Wednesday, June 10, 2015

Mama's Envelopes

Yom revi'i, 23 Sivan 5775.

Debt kills. Increasing debt weighs you down, dragging you toward a grave in the End of Hope Cemetery. I think it must be like heroin addiction. In the moment of the "fix," you're flying high, feeling no pain. But when you crash, when you smash face first back into reality, the pain is exquisite and debilitating.

The greater the debt, the less likely it feels that it will ever end. And since you're already up to your eyeballs in seemingly unpayable debt, what's another fifty bucks, right? And so the cycle continues.

My mother was a woman of uncommon native genius. Even though she never finished high school and lacked positive role models as a child, she came up with many of her own chunks of life wisdom.

One of her particularly wise recommendations was to set aside cash in little labeled envelopes each month, until the desired item or service could be paid for outright. This was just another of the great ideas that we ignored, as children often do.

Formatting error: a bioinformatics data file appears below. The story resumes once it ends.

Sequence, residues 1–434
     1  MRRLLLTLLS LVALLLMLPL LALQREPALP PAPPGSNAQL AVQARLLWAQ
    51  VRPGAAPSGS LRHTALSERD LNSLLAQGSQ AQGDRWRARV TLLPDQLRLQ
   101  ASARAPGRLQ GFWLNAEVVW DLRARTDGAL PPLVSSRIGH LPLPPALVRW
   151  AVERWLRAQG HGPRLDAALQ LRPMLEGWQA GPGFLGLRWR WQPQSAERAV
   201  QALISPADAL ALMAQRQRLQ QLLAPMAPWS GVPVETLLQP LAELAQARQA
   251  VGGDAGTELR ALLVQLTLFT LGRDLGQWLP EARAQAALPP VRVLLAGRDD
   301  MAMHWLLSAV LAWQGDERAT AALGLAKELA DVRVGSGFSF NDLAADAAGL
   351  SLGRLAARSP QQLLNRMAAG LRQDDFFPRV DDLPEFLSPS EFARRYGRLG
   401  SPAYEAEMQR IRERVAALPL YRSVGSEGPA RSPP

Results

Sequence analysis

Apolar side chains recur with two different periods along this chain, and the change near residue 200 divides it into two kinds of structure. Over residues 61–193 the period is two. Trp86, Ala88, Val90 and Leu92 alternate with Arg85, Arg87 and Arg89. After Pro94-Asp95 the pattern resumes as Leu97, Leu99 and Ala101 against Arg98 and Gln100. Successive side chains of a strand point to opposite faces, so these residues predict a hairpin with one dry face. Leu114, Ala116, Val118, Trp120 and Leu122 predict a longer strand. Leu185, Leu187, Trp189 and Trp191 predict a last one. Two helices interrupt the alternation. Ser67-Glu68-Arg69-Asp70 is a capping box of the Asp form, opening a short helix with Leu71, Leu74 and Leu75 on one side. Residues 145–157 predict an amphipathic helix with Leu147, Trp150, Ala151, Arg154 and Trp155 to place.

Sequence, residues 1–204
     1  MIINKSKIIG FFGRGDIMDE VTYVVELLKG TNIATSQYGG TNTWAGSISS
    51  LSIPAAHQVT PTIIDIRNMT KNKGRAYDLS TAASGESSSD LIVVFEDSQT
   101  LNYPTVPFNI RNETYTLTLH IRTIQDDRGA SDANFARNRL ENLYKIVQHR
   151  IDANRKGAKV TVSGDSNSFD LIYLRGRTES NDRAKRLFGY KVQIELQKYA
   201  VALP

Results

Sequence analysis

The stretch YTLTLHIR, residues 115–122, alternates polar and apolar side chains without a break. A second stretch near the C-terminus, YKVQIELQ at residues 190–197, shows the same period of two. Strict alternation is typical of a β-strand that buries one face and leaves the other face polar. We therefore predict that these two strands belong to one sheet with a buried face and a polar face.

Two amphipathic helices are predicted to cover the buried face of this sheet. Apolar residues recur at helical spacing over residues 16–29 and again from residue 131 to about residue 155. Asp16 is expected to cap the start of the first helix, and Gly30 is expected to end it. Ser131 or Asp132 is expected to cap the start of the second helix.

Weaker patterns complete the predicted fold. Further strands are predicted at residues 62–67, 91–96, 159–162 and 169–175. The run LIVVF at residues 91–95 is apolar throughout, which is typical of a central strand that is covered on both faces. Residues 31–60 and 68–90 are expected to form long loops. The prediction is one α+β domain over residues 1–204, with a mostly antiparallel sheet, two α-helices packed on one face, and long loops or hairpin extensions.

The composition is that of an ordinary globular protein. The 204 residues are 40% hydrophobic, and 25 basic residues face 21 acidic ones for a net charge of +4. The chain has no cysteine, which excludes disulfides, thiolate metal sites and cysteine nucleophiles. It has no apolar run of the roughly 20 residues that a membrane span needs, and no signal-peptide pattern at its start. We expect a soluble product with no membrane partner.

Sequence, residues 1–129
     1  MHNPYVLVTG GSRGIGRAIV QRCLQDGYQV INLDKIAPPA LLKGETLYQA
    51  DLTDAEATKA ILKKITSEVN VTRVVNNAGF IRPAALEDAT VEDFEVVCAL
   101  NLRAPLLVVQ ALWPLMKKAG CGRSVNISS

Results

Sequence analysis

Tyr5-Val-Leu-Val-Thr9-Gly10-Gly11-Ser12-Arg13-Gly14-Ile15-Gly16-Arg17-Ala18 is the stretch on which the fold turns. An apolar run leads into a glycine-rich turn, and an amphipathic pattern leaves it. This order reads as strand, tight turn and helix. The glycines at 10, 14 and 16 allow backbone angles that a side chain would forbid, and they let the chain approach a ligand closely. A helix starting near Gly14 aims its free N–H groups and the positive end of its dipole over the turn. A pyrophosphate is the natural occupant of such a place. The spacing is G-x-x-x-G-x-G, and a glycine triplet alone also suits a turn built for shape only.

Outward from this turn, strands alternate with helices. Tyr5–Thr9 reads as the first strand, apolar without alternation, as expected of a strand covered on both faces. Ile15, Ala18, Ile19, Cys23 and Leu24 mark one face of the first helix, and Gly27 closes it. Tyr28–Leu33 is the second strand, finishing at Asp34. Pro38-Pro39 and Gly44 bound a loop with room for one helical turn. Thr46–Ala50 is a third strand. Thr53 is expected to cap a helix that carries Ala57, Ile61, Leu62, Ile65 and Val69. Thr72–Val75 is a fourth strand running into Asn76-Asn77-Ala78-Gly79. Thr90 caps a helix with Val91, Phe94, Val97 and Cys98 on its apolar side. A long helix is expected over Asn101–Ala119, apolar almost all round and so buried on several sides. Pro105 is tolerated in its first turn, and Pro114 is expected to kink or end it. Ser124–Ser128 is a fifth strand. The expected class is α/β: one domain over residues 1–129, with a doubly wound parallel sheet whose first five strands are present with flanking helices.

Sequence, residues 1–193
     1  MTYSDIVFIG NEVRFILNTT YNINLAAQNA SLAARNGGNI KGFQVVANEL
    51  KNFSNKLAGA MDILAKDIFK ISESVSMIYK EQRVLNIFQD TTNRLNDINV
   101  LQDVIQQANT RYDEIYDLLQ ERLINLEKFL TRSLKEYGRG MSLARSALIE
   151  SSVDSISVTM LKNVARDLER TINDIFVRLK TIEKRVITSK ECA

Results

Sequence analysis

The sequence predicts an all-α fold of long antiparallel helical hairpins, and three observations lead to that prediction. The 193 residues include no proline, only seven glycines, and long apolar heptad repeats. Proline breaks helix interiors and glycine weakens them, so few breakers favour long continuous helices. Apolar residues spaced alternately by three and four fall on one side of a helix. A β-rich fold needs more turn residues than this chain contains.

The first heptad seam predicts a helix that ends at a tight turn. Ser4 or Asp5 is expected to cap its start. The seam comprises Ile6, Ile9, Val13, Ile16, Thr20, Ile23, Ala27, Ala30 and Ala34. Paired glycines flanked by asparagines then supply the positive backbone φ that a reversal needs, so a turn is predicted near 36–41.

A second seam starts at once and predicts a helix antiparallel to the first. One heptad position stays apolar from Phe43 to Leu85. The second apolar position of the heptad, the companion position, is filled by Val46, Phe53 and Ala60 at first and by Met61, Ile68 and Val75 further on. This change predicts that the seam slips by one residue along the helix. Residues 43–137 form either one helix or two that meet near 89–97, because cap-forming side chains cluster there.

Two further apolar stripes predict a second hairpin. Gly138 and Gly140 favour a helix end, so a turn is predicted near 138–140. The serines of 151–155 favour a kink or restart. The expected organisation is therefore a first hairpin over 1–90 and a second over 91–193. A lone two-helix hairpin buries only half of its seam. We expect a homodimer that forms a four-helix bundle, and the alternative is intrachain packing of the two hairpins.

Until crisis strikes.

Without going into gory details, I'll admit that we had a lot of debt to unload years ago. Once it was finally gone, we vowed never to have another credit card -- and we've kept that commitment for the last eight years. While we do have debit cards to facilitate payments directly from our bank accounts, and we have a monthly grocery account at our makolet, we no longer go into debt to purchase stuff, or worst of all, to pay off another month of interest on our debt.

Now, we tuck a little money each week into Mama's Envelopes. They are labeled as needed: "Emergency Fund," "Dental Work," "Vacation Fund," and so on. There are envelopes for the fun purchases such as musical instruments, and for educational pursuits, such as my beloved writing class.

There is so much pride afforded by not being in debt, by having the self-restraint to wait to make a purchase until the money is collected.

And then there is the sweetness of keeping my dear Mama in the world, just a little bit, by finally living a little more of her wisdom.


  1. And wise she was, of blessed memory.

  2. My mum lived the same way, only her "envelopes" was a small metal tin with compartments. She still uses it, in her 90th year! I was raised with the axiom, if you can't pay cash for it, you can't afford it and may not even need it! Stood me in good stead. I didn't have a credit card until I was in my 30s. I only use it when I know I have the cash to cover the payment, that way it gets paid off in full each month. And you are right about deferred gratification, it's sweet to get that thing you have saved for!

  3. Your mum IS a very wise woman, and it clearly rubbed off on her girl! May she live in good health and happiness till a hundred and twenty!